Although deep neural nets remain mysterious for many reasons, we note in this section that it is not necessarily easy to understand the source of generalization for linear models either. Indeed, it is useful to appeal to the simple case of linear models to see if there are parallel insights that can help us better understand neural networks.

Suppose we collect n distinct data points {(xi, yi)} where xi is d-dimensional feature vectors and yi is labels. Letting loss denote a nonnegative loss function with loss(y, y) = 0, consider the empirical risk minimization (ERM) problem

eq02.gif

If dn, then we can fit any labeling. But is it then possible to generalize with such a rich model class and no explicit regularization?

Let X denote the n × d data matrix whose i-th row is cacm6403_r.gif. If X has rank n, then the system of equations Xw = y has an infinite number of solutions regardless of the right-hand side. We can find a global minimum in the ERM problem (2) by simply solving this linear system.

But do all global minima generalize equally well? Is there a way to determine when one global minimum will generalize whereas another will not? One popular way to understand quality of minima is the curvature of the loss function at the solution. But in the linear case, the curvature of all optimal solutions is the same.9 To see this, note that in the case when yi is a scalar,

ueq01.gif

where cacm6403_s.gif. A similar formula can be found when y is vector valued. In particular, the Hessian is not a function of the choice of w. Moreover, the Hessian is degenerate at all global optimal solutions.

If curvature does not distinguish global minima, what does? A promising direction is to consider the workhorse algorithm, stochastic gradient descent (SGD), and inspect which solution SGD converges to. Since the SGD update takes the form wt+1 = wt − ηtetxit where ηi is the step size and et is the prediction error loss. If w0 = 0, we must have that the solution has the form cacm6403_t.gif for some coefficients α. Hence, if we run SGD we have that w = XTα lies in the span of the data points. If we also perfectly interpolate the labels, we have Xw = y. Enforcing both of these identities, this reduces to the single equation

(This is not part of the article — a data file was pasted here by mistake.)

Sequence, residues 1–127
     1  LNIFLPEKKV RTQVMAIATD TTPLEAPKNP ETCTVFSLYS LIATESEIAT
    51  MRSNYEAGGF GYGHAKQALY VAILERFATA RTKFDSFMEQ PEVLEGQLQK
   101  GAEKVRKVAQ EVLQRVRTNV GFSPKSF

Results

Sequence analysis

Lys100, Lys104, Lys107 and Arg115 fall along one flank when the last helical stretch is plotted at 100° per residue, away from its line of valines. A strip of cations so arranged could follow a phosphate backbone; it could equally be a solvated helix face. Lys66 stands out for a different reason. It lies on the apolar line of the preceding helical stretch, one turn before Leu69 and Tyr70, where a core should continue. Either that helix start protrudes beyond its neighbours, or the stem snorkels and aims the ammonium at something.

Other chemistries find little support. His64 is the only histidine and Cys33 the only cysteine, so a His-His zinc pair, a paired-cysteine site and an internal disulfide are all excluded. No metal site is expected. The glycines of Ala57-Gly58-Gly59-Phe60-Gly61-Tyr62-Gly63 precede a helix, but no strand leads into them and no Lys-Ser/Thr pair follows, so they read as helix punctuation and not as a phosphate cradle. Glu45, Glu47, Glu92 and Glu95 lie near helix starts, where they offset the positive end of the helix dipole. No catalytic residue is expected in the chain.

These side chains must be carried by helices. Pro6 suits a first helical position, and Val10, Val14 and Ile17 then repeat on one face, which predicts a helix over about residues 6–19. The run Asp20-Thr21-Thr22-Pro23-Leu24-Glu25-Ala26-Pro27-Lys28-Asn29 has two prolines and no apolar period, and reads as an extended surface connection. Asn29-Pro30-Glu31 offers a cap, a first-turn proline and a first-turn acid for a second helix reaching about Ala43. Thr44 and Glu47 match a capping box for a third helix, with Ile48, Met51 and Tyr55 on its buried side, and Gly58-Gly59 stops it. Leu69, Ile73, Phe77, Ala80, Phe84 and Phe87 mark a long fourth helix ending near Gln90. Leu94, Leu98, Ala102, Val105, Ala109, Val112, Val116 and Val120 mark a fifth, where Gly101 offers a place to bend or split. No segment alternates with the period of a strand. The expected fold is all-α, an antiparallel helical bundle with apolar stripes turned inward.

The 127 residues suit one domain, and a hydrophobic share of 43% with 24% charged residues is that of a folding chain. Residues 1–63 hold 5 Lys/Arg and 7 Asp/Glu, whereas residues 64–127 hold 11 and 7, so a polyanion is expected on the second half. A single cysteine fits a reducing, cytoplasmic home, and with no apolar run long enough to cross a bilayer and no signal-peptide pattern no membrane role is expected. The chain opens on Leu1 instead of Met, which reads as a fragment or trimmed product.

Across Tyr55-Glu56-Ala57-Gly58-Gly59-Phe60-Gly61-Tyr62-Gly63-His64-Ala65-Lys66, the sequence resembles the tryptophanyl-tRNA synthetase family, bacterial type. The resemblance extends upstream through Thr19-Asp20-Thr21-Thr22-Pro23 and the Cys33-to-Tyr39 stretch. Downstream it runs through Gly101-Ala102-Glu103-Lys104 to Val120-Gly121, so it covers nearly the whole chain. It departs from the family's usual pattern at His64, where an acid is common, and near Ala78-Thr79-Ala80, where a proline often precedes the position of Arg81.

eq03.gif

which has a unique solution. Note that this equation only depends on the dot-products between the data points xi. We have thus derived the "kernel trick"34—albeit in a round-about fashion.

We can therefore perfectly fit any set of labels by forming the Gram matrix (aka the kernel matrix) on the data K = XXT and solving the linear system = y for α. This is an n × n linear system that can be solved on standard workstations whenever n is less than a hundred thousand, as is the case for small benchmarks like CIFAR10 and MNIST.

Quite surprisingly, fitting the training labels exactly yields excellent performance for convex models. On MNIST with no preprocessing, we are able to achieve a test error of 1.2% by simply solving = y with a Gaussian kernel on the pixel representation. Note that this is not exactly simple as the kernel matrix requires 30 GB to store in memory. Nonetheless, this system can be solved in under 3 minutes on a commodity workstation with 24 cores and 256 GB of RAM with a conventional LAPACK call. By first applying a Gabor wavelet transform to the data and then solving (3), the error on MNIST drops to 0.6%. Surprisingly, adding regularization does not improve either model's performance!

Similar results follow for CIFAR10. Simply applying a Gaussian kernel on pixels and using no regularization achieves 46% test error. By preprocessing with a random convolutional neural net with 32,000 random filters, this test error drops to 17% errorb. Adding 2 regularization further reduces this number to 15% error. Note that this is without any data augmentation.